After that initial experience, my volunteer partner and I began brainstorming class activities and lesson plans. I had to adopt this aura of authority and wisdom for the students who were eager to learn, but in reality on the inside, I was terrified and doubtful of my ability to teach. However over time, each day of teaching became better than the one before. I’ve learned so much about India, my students, the way life goes on here, and so much about myself. I would have never imagined myself in a situation that I described above, but it has been nothing short of phenomenal.

In the classroom I was out of my comfort zone, but on the playground I was more in my element. Kids pulled at our sleeves begging us to play games with them. A group of little girls taught me how to play Kabuddi, the oldest game in India’s history. They squealed with laughter as I attempted to play, not knowing the rules.

I also had the opportunity to play some basketball. I remember doing a simple right handed lay up and everyone stopped and clapped in awe as if were some acrobatic feat. It was such a surreal experience. It’s hard teaching specific skills to the students because they’ve been playing basketball in their own style and rules their entire life, but I played along because basketball is basketball nonetheless.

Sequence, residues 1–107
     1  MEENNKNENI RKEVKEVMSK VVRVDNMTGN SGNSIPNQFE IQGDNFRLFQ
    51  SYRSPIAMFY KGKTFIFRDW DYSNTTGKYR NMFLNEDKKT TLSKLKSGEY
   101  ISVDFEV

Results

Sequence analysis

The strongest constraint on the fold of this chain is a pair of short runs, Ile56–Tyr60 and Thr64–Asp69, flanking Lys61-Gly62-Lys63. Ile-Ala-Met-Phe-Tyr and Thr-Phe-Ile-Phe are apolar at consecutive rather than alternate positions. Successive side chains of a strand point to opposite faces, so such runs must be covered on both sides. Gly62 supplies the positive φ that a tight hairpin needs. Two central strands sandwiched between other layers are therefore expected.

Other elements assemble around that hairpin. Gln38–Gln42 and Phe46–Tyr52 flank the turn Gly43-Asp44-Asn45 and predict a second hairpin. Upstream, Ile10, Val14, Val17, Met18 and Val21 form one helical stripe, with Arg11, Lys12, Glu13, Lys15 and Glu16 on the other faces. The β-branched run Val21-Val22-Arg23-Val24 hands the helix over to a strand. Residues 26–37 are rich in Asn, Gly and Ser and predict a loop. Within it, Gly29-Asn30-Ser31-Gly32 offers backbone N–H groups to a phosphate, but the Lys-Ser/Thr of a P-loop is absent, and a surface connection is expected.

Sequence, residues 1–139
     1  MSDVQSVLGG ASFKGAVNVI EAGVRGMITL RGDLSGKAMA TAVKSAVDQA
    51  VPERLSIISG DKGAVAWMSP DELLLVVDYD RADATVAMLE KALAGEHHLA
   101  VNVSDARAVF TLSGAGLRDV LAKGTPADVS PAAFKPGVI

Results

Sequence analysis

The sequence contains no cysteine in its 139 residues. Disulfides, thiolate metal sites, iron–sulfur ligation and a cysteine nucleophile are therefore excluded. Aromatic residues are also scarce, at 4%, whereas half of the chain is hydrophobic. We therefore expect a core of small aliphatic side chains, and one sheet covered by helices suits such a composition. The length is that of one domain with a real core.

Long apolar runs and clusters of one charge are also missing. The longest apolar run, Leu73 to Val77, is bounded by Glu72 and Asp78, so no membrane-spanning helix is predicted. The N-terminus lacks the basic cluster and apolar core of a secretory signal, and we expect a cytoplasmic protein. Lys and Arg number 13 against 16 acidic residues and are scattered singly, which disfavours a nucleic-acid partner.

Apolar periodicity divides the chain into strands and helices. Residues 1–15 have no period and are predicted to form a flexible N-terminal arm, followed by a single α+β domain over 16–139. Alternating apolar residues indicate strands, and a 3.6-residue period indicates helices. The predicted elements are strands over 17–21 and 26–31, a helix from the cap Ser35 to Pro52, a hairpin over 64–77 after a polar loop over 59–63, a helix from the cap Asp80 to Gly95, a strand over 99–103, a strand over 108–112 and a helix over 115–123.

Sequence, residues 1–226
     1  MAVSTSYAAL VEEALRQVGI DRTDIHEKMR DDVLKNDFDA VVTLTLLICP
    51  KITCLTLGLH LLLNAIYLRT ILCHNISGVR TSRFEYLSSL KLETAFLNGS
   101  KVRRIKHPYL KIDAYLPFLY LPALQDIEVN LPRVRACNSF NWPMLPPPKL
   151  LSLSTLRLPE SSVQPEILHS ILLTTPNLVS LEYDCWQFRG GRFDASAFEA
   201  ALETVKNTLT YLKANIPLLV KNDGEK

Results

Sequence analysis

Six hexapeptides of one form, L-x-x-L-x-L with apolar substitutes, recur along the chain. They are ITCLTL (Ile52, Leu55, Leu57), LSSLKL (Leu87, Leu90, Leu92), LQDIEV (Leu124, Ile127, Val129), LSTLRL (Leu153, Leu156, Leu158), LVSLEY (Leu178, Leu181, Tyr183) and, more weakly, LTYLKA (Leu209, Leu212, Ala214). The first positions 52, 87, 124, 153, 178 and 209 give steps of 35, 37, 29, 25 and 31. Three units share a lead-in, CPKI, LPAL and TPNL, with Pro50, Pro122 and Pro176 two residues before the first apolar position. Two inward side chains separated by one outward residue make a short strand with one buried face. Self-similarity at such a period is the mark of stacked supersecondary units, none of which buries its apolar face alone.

Sometimes on the playground, I just talked to students who weren’t playing sports and just learned about their life. I’d ask about their plans after school and hear about the way they thought or the desires and dreams they had. What I heard was sometimes heartbreaking, sometimes amazing, but always interesting. Once I asked a girl about her henna on her hand. It wasn’t an intricate pattern at all and I asked why because usually hennas are elaborate. Her response was, “I am a simple girl, and only want simple things.” I loved that.

So whether I was observing from a car window, standing in front of classroom, playing my own sport in a foreign country, or simply just asking questions to younger children, I was constantly being introduced to new things. Processing all the information and flinging myself into situations where I have no clue how to respond left me utterly exhausted but also brought me to many new insights and discoveries about myself and about life beyond anything I’ve ever known.

-- Alexa